- The Washington Times - Thursday, December 15, 2022

To hear the White House tell it, President Biden is on a winning streak: Democrats survived the midterm elections better than anticipated, basketball star Brittney Griner is home after a successful prisoner swap with Russia and inflation rates are improving.

Yet voters are nonplussed. Polling shows the president’s approval rating stuck in the low 40s, where it’s been for most of the last 16 months.

The dissonance between his claims and voters’ perceptions challenges the White House’s claim that the election was a thumbs-up for the president, and could complicate his hopes of winning reelection.

“The main problem has been a sense that the administration, along with Congress, has been all over the place in terms of their issue agenda,” said Patrick Murray, director of the Monmouth University Polling Institute. “Most Americans feel that whatever accomplishments there may be, Washington is not focused enough on core bread-and-butter concerns.”

He said Mr. Biden‘s job approval has improved since a low point this summer “but certainly not where his people hoped it would be given what they see as his successes.”

David Paleologos, director of the Suffolk University Political Research Center, said Mr. Biden has yet to solve voters’ worries over the economy.

“President Biden continues to say he knows it is challenging and things are moving in the right direction, but until people actually feel it with lower prices and an improving economy, you are going to have a cloud over the head of all these legislative accomplishments,” Mr. Paleologos said.

Mr. Biden took office last year with approval ratings at 57% in Gallup polls. He tumbled into the low 40s late last summer as he oversaw the botched withdrawal of troops from Afghanistan, and he has struggled to gain traction ever since.

Gallup’s most recent polling shows him at 40% approval.

Mr. Biden is unperturbed.

Brimming with confidence after his party expanded its majority in the Senate and minimized losses in the House, he said there’s “nothing” he needed to do over the next two years to convince more people that the nation is heading in the right direction.

Mr. Biden said his goals are the same that led him to run for president in 2020: to restore the soul of the nation, build the economy “from the middle out and the bottom up,” and unite the country.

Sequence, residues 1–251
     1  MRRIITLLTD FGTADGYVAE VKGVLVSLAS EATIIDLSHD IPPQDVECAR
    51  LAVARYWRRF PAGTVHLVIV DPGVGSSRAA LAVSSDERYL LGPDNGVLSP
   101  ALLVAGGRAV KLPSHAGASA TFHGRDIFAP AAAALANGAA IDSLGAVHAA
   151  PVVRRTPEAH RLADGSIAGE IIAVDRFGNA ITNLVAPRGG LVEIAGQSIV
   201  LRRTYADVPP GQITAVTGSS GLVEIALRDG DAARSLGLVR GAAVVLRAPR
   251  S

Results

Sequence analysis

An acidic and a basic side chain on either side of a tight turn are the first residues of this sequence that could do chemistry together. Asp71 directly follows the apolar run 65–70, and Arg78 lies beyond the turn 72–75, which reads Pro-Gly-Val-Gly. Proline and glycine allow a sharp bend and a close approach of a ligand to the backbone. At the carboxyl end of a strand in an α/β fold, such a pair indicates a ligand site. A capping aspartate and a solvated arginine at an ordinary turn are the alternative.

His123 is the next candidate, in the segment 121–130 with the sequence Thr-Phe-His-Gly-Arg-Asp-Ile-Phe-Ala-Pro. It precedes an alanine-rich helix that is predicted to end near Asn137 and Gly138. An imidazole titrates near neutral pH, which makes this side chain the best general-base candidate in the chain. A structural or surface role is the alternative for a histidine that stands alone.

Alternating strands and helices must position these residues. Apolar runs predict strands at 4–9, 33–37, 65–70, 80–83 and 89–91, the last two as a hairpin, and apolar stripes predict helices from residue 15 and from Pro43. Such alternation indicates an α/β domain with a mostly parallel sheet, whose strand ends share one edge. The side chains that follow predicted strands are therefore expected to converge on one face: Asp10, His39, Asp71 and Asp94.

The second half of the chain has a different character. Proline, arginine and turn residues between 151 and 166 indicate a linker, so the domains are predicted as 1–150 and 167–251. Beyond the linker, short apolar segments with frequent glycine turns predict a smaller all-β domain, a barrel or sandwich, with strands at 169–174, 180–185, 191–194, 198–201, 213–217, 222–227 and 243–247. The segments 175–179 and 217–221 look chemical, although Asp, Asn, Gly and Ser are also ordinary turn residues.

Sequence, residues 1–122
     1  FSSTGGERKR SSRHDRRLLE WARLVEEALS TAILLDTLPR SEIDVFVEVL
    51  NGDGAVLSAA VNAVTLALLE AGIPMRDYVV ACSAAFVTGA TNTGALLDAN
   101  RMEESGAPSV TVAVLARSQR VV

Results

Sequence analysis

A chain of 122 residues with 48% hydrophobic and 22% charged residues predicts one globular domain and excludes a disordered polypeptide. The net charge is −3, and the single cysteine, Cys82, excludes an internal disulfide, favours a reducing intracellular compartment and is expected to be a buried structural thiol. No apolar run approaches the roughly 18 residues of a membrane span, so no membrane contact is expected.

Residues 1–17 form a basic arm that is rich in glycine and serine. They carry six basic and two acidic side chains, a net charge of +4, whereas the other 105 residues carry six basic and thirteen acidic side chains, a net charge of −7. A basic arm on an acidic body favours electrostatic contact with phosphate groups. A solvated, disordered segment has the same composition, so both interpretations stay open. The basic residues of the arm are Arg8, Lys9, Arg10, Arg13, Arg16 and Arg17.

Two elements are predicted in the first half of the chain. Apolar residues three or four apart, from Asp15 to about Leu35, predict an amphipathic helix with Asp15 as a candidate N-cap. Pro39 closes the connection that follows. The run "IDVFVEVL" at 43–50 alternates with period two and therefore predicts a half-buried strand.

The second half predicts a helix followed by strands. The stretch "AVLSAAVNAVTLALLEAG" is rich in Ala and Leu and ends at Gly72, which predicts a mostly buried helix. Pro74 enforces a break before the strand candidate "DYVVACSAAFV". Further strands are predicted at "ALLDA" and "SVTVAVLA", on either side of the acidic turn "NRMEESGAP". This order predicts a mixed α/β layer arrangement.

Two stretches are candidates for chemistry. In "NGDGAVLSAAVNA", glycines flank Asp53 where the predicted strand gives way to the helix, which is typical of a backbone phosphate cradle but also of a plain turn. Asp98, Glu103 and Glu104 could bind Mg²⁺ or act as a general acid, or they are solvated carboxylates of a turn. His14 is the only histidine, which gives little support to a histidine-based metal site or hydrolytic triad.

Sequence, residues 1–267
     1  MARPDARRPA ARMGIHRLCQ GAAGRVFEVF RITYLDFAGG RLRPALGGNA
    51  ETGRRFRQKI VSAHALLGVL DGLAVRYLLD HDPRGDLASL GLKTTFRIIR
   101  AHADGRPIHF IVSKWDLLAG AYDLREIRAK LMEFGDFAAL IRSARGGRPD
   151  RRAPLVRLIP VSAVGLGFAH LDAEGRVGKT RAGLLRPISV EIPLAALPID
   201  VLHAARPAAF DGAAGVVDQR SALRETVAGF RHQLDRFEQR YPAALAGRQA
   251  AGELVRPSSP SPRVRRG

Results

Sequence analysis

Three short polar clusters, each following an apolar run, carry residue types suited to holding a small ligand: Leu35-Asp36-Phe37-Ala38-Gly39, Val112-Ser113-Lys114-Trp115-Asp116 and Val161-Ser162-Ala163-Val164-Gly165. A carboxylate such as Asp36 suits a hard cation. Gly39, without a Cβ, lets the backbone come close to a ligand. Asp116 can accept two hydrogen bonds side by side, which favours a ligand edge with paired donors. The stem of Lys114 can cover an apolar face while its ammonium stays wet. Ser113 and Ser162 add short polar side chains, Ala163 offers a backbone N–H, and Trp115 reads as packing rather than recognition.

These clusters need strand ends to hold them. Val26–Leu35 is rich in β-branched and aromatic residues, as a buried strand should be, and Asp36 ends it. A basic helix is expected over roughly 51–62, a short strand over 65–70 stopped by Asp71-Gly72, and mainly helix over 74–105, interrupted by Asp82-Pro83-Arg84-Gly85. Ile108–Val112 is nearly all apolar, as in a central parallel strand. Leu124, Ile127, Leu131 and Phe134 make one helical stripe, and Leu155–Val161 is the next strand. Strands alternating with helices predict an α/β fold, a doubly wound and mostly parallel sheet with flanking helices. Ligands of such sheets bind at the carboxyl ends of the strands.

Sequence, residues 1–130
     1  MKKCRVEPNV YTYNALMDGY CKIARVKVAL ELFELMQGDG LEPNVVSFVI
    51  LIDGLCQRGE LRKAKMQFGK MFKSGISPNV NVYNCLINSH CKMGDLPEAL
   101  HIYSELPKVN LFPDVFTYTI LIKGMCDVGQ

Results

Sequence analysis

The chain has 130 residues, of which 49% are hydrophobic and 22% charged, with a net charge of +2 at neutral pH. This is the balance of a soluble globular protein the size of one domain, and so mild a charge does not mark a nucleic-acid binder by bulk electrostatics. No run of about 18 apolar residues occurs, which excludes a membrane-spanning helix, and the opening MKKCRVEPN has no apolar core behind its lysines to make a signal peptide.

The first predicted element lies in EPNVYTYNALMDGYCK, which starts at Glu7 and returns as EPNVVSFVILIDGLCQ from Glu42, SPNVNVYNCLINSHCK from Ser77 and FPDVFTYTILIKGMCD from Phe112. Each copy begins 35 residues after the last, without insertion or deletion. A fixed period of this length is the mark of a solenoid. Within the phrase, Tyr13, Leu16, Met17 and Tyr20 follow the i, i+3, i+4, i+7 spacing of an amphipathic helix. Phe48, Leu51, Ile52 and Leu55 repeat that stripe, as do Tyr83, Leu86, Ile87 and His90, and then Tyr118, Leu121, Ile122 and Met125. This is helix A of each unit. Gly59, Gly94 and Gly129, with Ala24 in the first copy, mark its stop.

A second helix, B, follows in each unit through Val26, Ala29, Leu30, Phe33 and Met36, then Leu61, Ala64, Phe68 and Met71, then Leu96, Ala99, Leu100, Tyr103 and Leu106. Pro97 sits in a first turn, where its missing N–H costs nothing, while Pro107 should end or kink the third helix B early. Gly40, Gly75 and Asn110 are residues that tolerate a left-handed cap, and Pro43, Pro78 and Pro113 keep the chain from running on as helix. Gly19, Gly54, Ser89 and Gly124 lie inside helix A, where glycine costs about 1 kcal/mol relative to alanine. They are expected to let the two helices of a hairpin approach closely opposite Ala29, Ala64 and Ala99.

“It’s hard to sustain yourself as a leading democracy in the world if you can’t generate some unity,” Mr. Biden said. “So, I’m not going to change anything in any fundamental way.”

The administration has touted victories on transportation, gun control, climate change and curbing health care costs.

Some of his backers said the problem isn’t him, it’s the polling.

“I just think we are kind of at a watershed moment in polling where pollsters really have to think about their methods to make sure they are getting an accurate sample,” said Jim Wertz, chair of the Erie County Pennsylvania Democrats. 

He blamed a “Republican propaganda machine” for hiding Mr. Biden‘s accomplishments from voters.

“It makes it incredibly difficult to kind of cut through the misinformation and for the president to promote his wins in a way that resonates with all Americans in a bipartisan way — despite his best efforts,” Mr. Wertz said.

Joe Zepecki, a Wisconsin-based Democratic strategist, said the midterms elections showed the traditional laws of “political gravity don’t apply like they used to” — including when it comes to a president’s favorable rating.

“One of the most important questions of our time is what is signal and what is noise? If you just looked at the ‘noise’ throughout 2022, Republicans were banging on this president in terms of inflation, immigration, and crime — loudly,” Mr. Zepecki said. “It was a lot of noise that seemed like it would be all bad for Democrats. But in the end, it wasn’t.”

Other analysts challenge the notion that voters were rewarding Mr. Biden in the election, saying it was more a rejection of a rudderless GOP and former President Donald Trump.

“I think the Republicans came off more extreme and when you get to that more extreme point, it is the thermostat effect where the electorate will say, ‘I don’t like where you are going. I’d like to go back to room temperature,’” said Mike Noble, an Arizona-based pollster.

Mr. Biden said he intends to run for reelection in 2024 and plans to make a final decision early next year. Mr. Trump has already announced he is running, setting up a possible rematch of the 2020 election.

It’s not clear that Democrats are eager for Mr. Biden to be their nominee.

LeWanna Heard-Tucker, chair of the Fulton County Georgia Democrats, said the post-midterm response to the prospect of a Biden reelection campaign is “mixed” between the hardcore political types who are “hoping Joe doesn’t run” and everyday voters who think Mr. Biden is “fine.”

“I think people are looking for something else with a little bit more ‘wow’ factor because we know 2024 is going to be tough,” Ms. Heard-Tucker said. “People are saying it in small circles but it is one of those things that is not what is openly said.”

“It is not like Democrats are going to air their dirty laundry in public,” she said.

Mr. Paleologos said the good news for Mr. Biden is that he has been above 50% before, so issues like his age aren’t “a permanent liability.”

“However, when things started to go bad from Afghanistan to back-to-school Covid issues to the economy going into a tailspin, then his age and his approach and his demeanor become more sticky,” the pollster said.

He added: “Until that ship of state is straightened out, it is going to be a struggle for him to be above that 50% approval.”

• Seth McLaughlin can be reached at smclaughlin@washingtontimes.com.

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